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Are you ready to appoint a financial power of attorney?

As a young person, you may have never considered needing the help of other people. As you got older, however, you likely realized that you will need some form of assistance when you reach your golden years or potentially even before then. Rather than leave your finances up to chance in the event that you become unable to make decisions on your own, you may wish to consider appointing a trusted individual to act in your stead.

What a powers of attorney does

A financial power of attorney agent - as the name suggests - handles the financial aspects of your life for a period of time. Other types of powers of attorney exist, and you could appoint an individual for healthcare-related decisions or a single individual to handle both health and financial decisions.

Financial duties of the power of attorney

As you create your financial power of attorney documents, you can determine what responsibilities your agent will hold. The individual could have duties such as:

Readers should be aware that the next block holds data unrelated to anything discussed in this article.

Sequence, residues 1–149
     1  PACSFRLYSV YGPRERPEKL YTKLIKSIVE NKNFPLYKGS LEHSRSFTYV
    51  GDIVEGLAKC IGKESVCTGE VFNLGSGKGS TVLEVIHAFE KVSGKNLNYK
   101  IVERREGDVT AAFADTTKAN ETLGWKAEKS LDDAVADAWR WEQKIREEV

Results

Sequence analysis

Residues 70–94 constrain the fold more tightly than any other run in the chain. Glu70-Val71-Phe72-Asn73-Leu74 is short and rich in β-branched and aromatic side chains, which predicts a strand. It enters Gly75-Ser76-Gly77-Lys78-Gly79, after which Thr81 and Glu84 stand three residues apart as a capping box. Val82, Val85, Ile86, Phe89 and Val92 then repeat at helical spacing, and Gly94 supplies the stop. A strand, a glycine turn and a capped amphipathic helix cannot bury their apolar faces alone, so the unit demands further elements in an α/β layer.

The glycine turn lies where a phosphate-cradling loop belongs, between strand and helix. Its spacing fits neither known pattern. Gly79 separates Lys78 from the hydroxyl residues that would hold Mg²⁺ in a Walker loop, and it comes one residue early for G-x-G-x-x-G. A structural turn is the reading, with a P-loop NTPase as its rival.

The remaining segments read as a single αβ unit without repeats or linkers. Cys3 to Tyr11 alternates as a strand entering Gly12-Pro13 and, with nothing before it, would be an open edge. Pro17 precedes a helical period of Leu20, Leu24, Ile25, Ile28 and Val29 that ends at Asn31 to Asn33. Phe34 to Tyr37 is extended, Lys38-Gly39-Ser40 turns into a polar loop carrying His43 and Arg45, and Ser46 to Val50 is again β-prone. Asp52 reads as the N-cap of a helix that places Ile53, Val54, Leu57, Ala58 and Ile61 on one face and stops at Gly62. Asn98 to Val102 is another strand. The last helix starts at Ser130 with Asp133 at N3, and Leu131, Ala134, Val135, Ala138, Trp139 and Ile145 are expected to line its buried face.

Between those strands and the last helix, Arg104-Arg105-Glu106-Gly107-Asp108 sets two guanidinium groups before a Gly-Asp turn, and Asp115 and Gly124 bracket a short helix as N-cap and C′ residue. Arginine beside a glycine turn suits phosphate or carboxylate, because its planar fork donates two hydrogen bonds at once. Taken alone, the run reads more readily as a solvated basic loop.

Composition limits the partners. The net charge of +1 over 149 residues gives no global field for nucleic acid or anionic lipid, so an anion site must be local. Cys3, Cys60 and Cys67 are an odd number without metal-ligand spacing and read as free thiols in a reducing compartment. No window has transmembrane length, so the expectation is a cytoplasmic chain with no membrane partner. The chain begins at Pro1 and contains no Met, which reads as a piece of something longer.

• Paying bills
  • Attending to medical expenses
  • Transferring funds and assets
  • Managing your bank accounts

These are just a few duties, and you could limit your agent's power to a certain number of responsibilities. Alternatively, you could give him or her an extended range of duties that could include running your business or making investments.

Understanding durability

When you create the documents appointing your agent, you may wish to consider durability. A durable financial power of attorney means that in the event of your incapacitation, your appointed agent remains your agent until he or she is no longer needed. If you become incapacitated again, your agent could then act in your stead again automatically. If your appointment is not durable, the agent's power ends if you recover from your incapacity and then does not go into effect again, even if you are incapacitated once more.

What legal documents do you need?

In order to ensure that your agent appointment is legally binding, you must through the proper legal channels when creating your documents. In some cases, you may need multiple documents for the various agencies that hold your accounts. Having these documents may prevent unnecessary complications when your agent needs to access your accounts.

In order to determine which documents you'll need, you may wish to consult experienced Texas elder law attorneys. A discussion with legal professionals will help you better understand what powers may be granted under a power of attorney appointment and what you may want to take into consideration when considering your agent candidates.

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